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The Fairfield news and herald. (Winnsboro, S.C.) 1881-1900, September 13, 1899, Image 2

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Persistent link: http://chroniclingamerica.loc.gov/lccn/2012218613/1899-09-13/ed-1/seq-2/

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TilK
news; and berald.
PUBLISHED BVERY WEDNESDAY*
-BY
.NarvSAND HERALD COMPANY.
TSR>IS, IN* ADVANCE:
Oao^Ttir, ... 91.50 .
Six MvHthn, - -75 !
WfVNSBORO, s. C.
wa^??c.Mv fiPM^Ainliftr 13- 189D
II Vuuvo ?WJ? ^ ,
A HOT TIME IX KENTUCKY.
No S a:e should envy Kentncky her
cimp:?i/ri tbis yrar We much prefer
the industrial development of Sooth
Carolina to (he red hot campaign in
Kentucky.
An illustration will show how lively
the campaiga tor Governor really is.
A few nights sgo Goebal, the Democratic
nominee for Governor, attacked
ex-Congressman Owens, saving that
the reason Owens opposed him was
because he, Goebel, bad cau.=ed to be
passed an ami-gambling law, "thereby
interfering with ttie regular easiness j
of Owens."
Of course this made O^eus nia<i?
andlerepli-d t? Goebt-l. A few of
Otfeiia' expressions will show how
.hot he was. Goebei'i statement was
characterized as "maliciously fa's*,"
for Goebel was not even a member of
tbelegislature wben tbe gambling bill
wa? passed. Bat this is tame. Sooth
Carolina is used to this mild language
in politics. Owens did not stop here.
"Murderer, thief, liar," a?-e the charges
made by Owens sgainst Goebel
"Murderer" because he killed John
D. Sandford, "who-was trying to reelect
Joe Blackburn to the United
Stales Sesate; that he made war on
Sanford, and caused to be printed an
articlc against Sanford so vile and
infamous that it cannot ke lead before
a lady, knowing wheu he wiote it,
thatitwouid not end there, and that
that Sandford would call him to account."
"Goefcel," it is alleged, "held
his pist?] under his coat, and at the
first frign of Sanford's drawing," he
killed bim, and the widow of Sandford
was sent to a madhoiwe in consequence.
Goebel was "a thief" because he
stole the nomination.
Goebel wis a "Jiar" betanse be
promised to omiuate Stone.
Keatucky U a fighting State, and
this incident may end a9 tbe SandfordGoebel
affair.
The pabiic U pretty tired of hear*
ing of dispensary irregularities, and
the only remedy that we Fea to end
"scandals" in the bu*iue>8 is to knock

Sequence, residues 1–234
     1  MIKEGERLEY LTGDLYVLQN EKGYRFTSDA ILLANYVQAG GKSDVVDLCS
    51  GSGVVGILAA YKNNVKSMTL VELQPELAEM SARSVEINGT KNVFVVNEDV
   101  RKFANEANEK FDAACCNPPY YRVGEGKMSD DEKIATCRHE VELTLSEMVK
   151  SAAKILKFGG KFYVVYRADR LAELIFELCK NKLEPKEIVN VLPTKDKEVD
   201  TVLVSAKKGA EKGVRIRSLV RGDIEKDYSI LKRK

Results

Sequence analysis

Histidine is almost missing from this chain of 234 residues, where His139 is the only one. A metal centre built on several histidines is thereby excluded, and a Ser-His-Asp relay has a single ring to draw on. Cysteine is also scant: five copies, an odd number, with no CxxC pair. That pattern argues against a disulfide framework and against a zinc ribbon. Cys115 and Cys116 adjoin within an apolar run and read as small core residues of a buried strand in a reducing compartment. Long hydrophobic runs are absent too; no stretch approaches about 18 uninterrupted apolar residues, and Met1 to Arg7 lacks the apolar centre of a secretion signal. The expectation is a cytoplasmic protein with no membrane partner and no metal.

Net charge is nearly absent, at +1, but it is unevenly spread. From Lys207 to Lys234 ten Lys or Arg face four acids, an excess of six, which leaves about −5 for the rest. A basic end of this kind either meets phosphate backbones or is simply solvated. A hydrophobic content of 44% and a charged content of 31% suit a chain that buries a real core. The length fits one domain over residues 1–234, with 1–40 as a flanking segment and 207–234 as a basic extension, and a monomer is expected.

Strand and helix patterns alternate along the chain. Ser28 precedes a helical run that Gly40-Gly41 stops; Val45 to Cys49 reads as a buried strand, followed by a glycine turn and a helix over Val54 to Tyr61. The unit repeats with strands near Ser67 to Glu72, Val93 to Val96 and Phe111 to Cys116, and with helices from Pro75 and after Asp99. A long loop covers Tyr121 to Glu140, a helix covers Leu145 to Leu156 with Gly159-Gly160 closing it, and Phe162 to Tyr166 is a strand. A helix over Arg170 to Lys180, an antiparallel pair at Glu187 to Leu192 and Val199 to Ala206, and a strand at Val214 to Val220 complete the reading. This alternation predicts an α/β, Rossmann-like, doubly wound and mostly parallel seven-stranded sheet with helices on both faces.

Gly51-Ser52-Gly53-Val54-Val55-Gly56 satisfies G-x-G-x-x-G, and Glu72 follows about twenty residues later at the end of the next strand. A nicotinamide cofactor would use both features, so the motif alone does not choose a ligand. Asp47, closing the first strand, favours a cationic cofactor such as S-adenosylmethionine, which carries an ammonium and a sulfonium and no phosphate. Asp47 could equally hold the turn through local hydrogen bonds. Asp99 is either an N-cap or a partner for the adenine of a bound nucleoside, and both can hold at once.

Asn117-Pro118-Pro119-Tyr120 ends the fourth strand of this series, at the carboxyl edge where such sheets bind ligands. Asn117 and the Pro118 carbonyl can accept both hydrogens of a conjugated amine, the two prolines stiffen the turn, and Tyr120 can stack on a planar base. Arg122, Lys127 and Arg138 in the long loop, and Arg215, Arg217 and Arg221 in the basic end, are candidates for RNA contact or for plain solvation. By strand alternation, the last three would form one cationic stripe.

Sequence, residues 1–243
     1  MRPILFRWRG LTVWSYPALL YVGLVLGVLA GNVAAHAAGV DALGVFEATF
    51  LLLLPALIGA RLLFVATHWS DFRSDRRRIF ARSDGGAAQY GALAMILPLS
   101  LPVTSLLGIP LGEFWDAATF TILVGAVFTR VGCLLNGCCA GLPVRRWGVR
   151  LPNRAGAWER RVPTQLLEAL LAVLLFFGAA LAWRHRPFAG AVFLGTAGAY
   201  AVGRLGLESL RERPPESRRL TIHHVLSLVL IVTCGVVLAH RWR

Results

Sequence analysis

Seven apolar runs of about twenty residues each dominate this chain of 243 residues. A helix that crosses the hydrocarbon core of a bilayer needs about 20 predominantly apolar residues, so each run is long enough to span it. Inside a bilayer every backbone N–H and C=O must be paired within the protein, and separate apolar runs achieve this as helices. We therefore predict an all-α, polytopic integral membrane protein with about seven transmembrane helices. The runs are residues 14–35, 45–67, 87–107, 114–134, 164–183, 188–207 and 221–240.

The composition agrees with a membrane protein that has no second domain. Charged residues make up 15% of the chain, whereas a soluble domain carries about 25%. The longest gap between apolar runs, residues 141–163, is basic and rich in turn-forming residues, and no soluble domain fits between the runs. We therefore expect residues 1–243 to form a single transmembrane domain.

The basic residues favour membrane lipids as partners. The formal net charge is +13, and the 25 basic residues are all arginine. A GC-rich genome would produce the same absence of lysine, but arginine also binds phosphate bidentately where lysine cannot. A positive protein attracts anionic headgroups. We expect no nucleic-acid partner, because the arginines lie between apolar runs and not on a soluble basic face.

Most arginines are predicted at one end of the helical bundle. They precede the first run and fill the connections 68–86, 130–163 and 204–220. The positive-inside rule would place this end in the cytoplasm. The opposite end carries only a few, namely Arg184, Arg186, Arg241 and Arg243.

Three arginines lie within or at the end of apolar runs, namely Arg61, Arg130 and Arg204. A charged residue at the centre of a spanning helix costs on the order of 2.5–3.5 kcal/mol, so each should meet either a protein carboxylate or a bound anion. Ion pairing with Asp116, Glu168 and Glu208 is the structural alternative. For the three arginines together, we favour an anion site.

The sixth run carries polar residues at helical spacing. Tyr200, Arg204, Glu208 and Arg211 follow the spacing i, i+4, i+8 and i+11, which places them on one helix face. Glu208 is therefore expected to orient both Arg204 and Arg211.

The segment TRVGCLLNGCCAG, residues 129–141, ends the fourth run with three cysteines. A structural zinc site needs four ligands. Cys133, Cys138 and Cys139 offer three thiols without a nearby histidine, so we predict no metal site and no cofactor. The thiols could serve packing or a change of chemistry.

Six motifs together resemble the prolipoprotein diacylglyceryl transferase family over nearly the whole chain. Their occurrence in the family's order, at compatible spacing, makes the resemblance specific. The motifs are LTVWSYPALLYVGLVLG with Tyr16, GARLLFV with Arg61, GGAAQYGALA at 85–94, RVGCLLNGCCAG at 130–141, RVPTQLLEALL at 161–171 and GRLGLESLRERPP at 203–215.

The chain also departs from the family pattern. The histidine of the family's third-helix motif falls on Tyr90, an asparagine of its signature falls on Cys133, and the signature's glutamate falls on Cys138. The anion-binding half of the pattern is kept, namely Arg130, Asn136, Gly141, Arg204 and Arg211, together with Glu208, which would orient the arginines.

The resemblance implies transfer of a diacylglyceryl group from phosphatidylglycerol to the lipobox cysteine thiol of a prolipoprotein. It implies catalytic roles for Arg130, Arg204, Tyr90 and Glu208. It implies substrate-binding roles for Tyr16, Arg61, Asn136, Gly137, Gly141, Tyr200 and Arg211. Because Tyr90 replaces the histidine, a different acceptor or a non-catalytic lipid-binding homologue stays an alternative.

the whole machinery to pieces, and
license individuals to sell liqnor nnder
the same regulations as govern the dispensary
system.
The periodical sensation in the board
of control happened a few days ago.
It appears that there have been some
"irregularities in the matter of ship
~ a?
ments irom toe state mspeusary *uu
that sales of liquor bad been made io
the institution to certain parties. Ship*
piog Clerk Black preferred the charges.
He charged that the commissioner,
Mr. Douthit, had sent out contraband
beer, for which no entry appeared
on the books, and at another
time some beer was put in a buggy
and no record ma^le of it, other charges
were made practically to l he same
e?f=ct.
These>re small matters, and were
explained to the board to it^ satisfaction.
The point, however, is that these
dispensary employees are forever
making charges against one another,
and the public would like to know
why it is.
A Virginia mob actual'y ended a
tr??i in a rv>nrf of instice. The mob
** *w* "" "" *"" tf
went to the court house, ordered that
the trial of a man for having attempted
to assassinate a Mormon elder must
stop, and the Mormon wa3 taken out
and told to leave, acd that there was
no law in Virginia for the protection
of Mormons. The conflict of authority
between the regular channel for administering
law and mob law is sharply
drawn in this case. How much
further will it go?
i fTnavn ITorr Tv j rn.
l I lftC.A9UUC>a X' iiUDj VI u?u
well, will command the highest respect.
He reported tbat his predecessor,
his own father, wa? a defaulter
for aboat $i.000. It was a painful
duty, bnt he did not flinch.
The weather bureau annouiced the
last '>f August that the backbone of
summer had been broken. Monday,
Tuesday and Weduesday (the 4th, 5th
and 6th) it showed a very strong backbone.
Exgl^t> does not propose that the
Unisei States shall have a monopoly
of "tbe benevolent assimilation policy,"